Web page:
Three quick and easy methods for testing silver

SILVER: very ductile malleable brilliant greyish-white element having the highest electrical and thermal conductivity of any metal. It occurs free and in argentite and other ores: used in jewelery, tableware, coinage, electrical contacts, and in electroplating.

How do you determine if your silver is real, or fake?  

Well, the first and most obvious way is to find the marking  (if it has one).  It may require a magnifying glass, as they are almost always in small print.  If it says “Sterling .925”, then it would mean that it is 92.5% silver.  If it does NOT have a marking, here are the three quickest and easiest ways to gauge the purity of your silver:

#1. The Magnet Test

Silver is not magnetic, so if you place a strong Neodymium magnet on silver, it should not easily stick to it.  If it does stick, it is not silver.  However, just because the magnet does not stick does not mean that it is in fact, silver.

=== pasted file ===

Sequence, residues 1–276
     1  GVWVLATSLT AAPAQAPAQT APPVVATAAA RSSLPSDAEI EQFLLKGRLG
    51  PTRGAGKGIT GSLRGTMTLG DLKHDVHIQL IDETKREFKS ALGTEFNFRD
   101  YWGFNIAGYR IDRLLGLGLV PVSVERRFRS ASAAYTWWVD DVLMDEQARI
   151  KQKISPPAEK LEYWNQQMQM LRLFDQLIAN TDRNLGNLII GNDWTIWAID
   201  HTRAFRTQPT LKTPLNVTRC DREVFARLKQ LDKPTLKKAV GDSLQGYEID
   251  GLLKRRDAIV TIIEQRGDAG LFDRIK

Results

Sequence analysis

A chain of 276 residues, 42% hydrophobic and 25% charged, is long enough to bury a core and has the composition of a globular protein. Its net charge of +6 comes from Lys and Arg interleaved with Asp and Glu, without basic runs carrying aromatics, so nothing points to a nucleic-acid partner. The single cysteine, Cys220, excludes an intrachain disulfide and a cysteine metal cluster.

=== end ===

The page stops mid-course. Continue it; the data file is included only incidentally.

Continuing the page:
#2.  The Ring Test

When silver is tapped, it has a nice ring to it.  If you want to test a coin, flick it into the air or gently tap it with another coin.  In both instances, you should be able to hear a high-pitched ring that last for about 1-2 seconds.  Of course we do not recommend flicking other silver items in the air!  But coins are generally not damaged by this method.

#3.  The Ice Test

With the highest electrical conductivity of any element, silver also has the highest thermal conductivity of any metal. If you place an ice cube on a silver coin or bar, the ice will begin to melt immediately. Obviously, ice will melt if placed on anything at room temperature, for example, but if placed on silver it will melt much more quickly, and impressively. Try it!

Search through some of our current listings of SILVER and silver-plated items.